Stripes are seen in all high-temperature superconductors near the superconducting transition temperature. In this LSNO crystal stripes form only at cryogenic temperatures of about ‑168 degrees Celsius (approximately ‑271 °F), yet at far higher temperatures the team hit upon large changes of the material’s infrared reflectivity. These invisible “color” changes represent an energy threshold for electrical currents, dubbed the energetic “pseudogap”, which grows as the crystal cools – revealing a progressive localization of charges around the nickel atoms.
The scientists then examined the dynamics of LSNO in “pump-probe” experiments, where they melted stripes with an initial ultrafast pulse of laser light and measured the optical changes with a second, delayed pulse. This allowed them to map out the early steps of charge ordering, exposing surprisingly fast localization dynamics preceding the development of organized stripe patterns. A final twist came when they probed the vibrations between nickel and oxygen atoms, uncovering a remarkably strong coupling to the localized electrons with synchronous dynamics.
Beyond the ultrafast measurements, the team also studied X-ray scattering and the infrared reflectance of the material at the neighboring Advanced Light Source, to develop a thorough, cohesive understanding of the stripe phase and why it forms.
Said Kaindl, “We took advantage of our fortunate location in the national lab environment, where we have both these ultrafast techniques and the Advanced Light Source. This collaborative effort made this work possible.”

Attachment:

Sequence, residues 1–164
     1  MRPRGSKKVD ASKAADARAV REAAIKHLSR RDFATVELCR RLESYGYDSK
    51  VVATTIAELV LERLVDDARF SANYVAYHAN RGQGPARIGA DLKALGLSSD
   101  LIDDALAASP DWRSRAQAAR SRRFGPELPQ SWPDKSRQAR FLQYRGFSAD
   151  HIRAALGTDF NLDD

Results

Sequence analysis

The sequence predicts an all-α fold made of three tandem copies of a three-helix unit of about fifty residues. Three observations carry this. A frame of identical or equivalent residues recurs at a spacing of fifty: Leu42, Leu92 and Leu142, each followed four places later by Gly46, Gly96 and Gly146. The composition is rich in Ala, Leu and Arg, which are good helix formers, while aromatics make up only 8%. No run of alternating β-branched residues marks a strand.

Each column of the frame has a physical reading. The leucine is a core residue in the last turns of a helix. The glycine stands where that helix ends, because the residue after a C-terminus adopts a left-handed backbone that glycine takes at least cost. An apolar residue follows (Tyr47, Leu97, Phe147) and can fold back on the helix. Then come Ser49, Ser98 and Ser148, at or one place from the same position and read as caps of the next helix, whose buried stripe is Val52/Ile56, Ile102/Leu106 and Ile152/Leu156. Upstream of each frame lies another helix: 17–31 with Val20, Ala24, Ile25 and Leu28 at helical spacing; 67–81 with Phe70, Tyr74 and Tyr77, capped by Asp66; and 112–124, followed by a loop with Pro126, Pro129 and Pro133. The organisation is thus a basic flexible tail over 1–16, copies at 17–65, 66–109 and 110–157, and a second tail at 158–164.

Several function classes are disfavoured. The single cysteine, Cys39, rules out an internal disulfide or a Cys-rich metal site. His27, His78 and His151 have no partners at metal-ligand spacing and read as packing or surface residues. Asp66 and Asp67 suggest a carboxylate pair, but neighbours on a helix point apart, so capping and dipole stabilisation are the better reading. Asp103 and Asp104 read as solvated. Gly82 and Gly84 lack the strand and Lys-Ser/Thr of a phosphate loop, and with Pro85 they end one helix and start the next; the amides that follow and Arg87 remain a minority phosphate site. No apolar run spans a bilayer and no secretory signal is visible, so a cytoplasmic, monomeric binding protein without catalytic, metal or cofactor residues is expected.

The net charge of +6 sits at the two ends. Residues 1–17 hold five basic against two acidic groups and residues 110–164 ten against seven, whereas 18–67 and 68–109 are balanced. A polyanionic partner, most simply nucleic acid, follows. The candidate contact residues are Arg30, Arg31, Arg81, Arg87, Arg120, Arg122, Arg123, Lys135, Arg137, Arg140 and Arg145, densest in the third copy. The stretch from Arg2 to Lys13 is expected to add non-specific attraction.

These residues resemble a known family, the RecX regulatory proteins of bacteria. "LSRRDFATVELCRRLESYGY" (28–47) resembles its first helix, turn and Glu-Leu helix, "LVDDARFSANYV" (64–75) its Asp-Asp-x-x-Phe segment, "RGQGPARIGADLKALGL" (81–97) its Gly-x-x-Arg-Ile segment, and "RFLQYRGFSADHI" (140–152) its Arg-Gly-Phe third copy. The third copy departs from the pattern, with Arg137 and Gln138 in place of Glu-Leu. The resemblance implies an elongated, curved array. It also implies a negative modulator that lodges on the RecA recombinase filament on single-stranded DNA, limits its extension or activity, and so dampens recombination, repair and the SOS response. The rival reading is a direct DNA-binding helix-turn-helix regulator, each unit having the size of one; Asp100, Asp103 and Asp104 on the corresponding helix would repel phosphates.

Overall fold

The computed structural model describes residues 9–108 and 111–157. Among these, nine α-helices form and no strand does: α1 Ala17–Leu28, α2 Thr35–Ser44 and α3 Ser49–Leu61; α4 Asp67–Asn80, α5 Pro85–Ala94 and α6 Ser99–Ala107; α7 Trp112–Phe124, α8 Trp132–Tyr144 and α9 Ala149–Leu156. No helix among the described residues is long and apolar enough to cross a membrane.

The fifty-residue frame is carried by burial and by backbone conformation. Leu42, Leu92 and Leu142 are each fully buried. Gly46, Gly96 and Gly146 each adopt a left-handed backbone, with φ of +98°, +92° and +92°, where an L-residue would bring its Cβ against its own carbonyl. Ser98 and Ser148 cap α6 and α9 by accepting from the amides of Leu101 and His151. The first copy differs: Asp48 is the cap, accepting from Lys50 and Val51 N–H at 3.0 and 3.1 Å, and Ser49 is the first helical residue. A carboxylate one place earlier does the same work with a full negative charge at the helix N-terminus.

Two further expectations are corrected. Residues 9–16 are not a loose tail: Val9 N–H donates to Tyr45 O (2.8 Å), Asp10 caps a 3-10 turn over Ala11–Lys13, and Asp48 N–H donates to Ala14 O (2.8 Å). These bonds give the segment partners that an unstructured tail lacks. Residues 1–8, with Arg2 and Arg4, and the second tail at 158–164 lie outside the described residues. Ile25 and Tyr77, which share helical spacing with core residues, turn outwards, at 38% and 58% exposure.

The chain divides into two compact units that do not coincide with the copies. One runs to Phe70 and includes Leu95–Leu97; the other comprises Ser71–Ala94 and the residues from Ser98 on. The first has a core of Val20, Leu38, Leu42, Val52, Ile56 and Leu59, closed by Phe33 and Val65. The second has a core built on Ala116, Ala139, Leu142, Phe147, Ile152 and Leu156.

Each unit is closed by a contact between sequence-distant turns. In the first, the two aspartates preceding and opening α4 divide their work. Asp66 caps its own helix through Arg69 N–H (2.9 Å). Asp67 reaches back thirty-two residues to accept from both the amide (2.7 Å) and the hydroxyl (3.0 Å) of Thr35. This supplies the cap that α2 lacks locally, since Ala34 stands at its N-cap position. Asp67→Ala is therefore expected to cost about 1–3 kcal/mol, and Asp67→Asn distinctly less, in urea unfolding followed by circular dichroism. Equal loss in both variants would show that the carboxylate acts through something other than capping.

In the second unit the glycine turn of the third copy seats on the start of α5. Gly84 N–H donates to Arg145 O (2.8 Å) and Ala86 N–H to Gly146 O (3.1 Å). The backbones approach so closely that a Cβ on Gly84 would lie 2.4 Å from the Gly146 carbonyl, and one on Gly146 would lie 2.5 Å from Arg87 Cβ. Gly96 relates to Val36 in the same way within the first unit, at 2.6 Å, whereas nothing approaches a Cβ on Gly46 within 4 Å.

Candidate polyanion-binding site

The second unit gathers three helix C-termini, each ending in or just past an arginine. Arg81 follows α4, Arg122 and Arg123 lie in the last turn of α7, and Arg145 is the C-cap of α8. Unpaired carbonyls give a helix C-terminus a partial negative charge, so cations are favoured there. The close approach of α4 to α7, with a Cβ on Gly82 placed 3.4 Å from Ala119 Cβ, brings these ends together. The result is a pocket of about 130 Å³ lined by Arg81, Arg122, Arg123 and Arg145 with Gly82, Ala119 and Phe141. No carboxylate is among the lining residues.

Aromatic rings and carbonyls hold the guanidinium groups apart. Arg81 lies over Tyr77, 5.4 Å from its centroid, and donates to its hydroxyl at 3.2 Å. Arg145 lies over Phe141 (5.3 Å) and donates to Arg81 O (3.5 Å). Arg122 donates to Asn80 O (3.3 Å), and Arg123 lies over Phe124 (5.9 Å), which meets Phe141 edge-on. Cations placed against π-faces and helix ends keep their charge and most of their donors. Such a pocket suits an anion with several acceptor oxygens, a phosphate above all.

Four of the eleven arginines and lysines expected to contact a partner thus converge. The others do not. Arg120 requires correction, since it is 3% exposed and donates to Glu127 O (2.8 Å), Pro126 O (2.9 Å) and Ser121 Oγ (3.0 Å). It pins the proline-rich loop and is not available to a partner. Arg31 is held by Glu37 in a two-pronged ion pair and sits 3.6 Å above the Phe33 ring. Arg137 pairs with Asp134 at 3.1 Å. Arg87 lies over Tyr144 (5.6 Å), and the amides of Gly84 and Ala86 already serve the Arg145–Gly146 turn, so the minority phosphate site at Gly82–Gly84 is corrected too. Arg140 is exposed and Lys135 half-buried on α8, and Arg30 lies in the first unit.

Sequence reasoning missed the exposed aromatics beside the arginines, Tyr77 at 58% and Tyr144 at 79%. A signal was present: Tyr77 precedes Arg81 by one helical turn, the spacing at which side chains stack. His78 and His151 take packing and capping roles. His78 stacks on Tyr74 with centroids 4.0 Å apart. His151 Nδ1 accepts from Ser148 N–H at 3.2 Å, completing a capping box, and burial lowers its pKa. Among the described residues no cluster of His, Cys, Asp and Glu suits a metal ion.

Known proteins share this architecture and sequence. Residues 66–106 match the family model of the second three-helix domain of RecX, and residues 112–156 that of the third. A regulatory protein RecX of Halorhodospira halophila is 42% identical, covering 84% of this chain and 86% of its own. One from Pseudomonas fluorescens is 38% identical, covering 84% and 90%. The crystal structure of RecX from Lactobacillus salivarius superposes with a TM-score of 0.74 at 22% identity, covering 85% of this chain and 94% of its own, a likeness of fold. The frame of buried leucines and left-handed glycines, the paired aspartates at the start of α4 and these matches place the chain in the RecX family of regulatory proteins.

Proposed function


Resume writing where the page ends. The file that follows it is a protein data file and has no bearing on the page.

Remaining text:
Having illuminated the origins of the stripe phase in LSNO, the researchers expect their results to provide new impetus to understanding the “pseudogap” in other correlated oxides – especially in high-temperature superconductors where fluctuating stripes occur while their role for the superconductivity mechanism remains unclear.
This research was supported by the U.S. Department of Energy, Office of Science.
For more on the Ultrafast Materials program at Berkeley Lab, visit http://www.lbl.gov/msd
Lawrence Berkeley National Laboratory addresses the world’s most urgent scientific challenges by advancing sustainable energy, protecting human health, creating new materials, and revealing the origin and fate of the universe. Founded in 1931, Berkeley Lab’s scientific expertise has been recognized with 13 Nobel prizes. The University of California manages Berkeley Lab for the U.S. Department of Energy’s Office of Science. For more, visit www.lbl.gov.
The Advanced Light Source is a third-generation synchrotron light source producing light in the x-ray region of the spectrum that is a billion times brighter than the sun. A DOE national user facility, the ALS attracts scientists from around the world and supports its users in doing outstanding science in a safe environment. For more information visit www-als.lbl.gov.
The DOE Office of Science is the single largest supporter of basic research in the physical sciences in the United States and is working to address some of the most pressing challenges of our time. For more information, please visit science.energy.gov.